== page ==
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Killing Bertolai would have been far too grave a punishment for the blow he had received. He was in fact also punishi ng Charles for his insolence and avenging his uncles betrayal. Now Renaud is wrong, not only for stirring up an old feud but, far more important, for shedding royal blood. In spite of the affront, Charles is emperor and Bertolai a Prince of the Blood. Renaud, however justified emotionally, has undermined society in the same way as his cruel uncle. (81) In Girart de Roussillon Charles Martel and Girart both claim to hate one another and to wish to see the demise of the other, as I mentioned above, their feud was primarily a political one that took on personal dimensions as the poem progresses. In the case of Renaut, the initial and the primary motivation for this feud are personal rather than political. My use of the term personal is meant to bring to the fore the idea that, while it may be perfectly normal for Charles and Charles Martel to want to reestablish their control and their dominance over their vassa ls, their pursuit of justice is not necessarily for any particul ar crime that the outlaws have committed. Exile from Court and Society The question of the personal and the political nature of the dispute between the two kings and their rebellious vassals, is crucial to our understanding of the meaning of the ensuing periods of exclusion. No longer welcome in the social and political world of th e royal court, Girart, Berthe, Renaut, and Maugis will al l experience both a spiritual and physical metamorphosis. In the next section, I will examine in detail how each of these characters experiences the trials and tribulations of their time as outlaws. I will focu s on the way in which these periods of exile from court, and in the case of Girart and Berthe, the aristocratic wo rld altogether, are shaped by two fundamental factors. The first concerns the re asons, both political and personal, that these characters have been banished by their kings. The second, is the way in which their attitudes toward their plight shape the way they live the ex perience, and how they ev entually bring it to an end. 103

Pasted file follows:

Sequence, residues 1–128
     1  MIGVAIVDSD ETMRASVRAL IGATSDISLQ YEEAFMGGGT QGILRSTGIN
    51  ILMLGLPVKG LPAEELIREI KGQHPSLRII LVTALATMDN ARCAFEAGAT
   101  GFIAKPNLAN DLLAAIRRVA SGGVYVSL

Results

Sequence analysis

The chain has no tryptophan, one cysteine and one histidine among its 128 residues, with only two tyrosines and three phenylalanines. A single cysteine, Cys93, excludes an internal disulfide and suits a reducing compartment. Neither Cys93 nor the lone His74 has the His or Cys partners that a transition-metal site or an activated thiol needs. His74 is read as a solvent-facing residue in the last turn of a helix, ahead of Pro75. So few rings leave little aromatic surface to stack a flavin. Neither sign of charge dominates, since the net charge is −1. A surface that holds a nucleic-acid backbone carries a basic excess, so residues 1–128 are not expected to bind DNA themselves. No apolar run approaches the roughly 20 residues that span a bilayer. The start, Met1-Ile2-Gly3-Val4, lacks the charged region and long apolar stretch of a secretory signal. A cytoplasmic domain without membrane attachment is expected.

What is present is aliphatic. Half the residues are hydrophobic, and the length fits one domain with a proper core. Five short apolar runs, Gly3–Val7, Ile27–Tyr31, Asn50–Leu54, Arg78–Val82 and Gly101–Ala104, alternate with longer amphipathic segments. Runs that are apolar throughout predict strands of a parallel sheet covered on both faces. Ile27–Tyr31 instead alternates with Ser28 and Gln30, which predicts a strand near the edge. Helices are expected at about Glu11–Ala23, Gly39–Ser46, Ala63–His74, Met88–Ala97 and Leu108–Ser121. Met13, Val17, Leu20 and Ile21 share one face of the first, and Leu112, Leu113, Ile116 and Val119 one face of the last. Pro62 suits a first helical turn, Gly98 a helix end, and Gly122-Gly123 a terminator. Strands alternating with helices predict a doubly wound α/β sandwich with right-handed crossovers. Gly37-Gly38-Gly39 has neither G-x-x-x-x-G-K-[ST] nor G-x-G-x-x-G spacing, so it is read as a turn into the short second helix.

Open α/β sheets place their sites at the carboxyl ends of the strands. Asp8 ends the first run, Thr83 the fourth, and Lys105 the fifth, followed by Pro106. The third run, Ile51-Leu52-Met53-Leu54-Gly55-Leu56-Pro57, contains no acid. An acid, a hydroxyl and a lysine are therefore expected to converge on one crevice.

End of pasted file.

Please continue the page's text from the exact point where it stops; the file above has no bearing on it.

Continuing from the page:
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While in exile, for twenty two years, Girart does not show any genuine remorse for his sins. His primary goal is to return to society a nd to the position he enjoyed before losing the second battle at Roussillon. Girart enjoys himself, but must go back because of who he is, that is to say because of the class to which he bel ongs. One does not permanently change classes, especially when it is a questi on of moving down. Only later does he understand and accepts the seriousness of his crimes and his sins: Linfluence de Berthe est dterminante sur la rsolution de Girart et cest elle aussi qui va lui donner lexemple de labaissement social car elle prendra avant lui un mtier manuel. Girart va donc senga ger dans un long temps de pnitence: il faut considrer comme une expiation du pch dorgueil la vie de travailleur manuel qui va tre la sienne dsormais: pch lgard de son suzerain, et, ce qui est plus rare au 12me sicle, lgard de lhumanit. (504) Physical hardship does not push Girart to re pent. He suffers when confronted with the orphans and widows that are dest itute, because of the wars he waged involving their husbands and fathers. If anything, he lame nts his suffering more than he f eels remorse. Girart and Berthe both live ascetic and difficult lives eventually they work hard as seamstress and a coalmerchant. This is more of a social punishment, one relating to the loss of material wealth, and the necessity for manual labor. Reflecting upon Girarts iti nraire spiritual, as Comb arieu du Grs puts it in her introduction of Girart de Roussillon I am tempted to view it as being on a parallel course to Berthes spiritual journey. Berthe since their entry into the Arde nnes Forest, is now irrevocably linked with Girart and his quest for redemption. Sharing none of his sins: excessive pride, massacring prisoners, killing members of the cl ergy, destroying countless Christian warriors, devastating lands, looting church es, Berthe must nonetheless endur e the same punishment as her husband. 104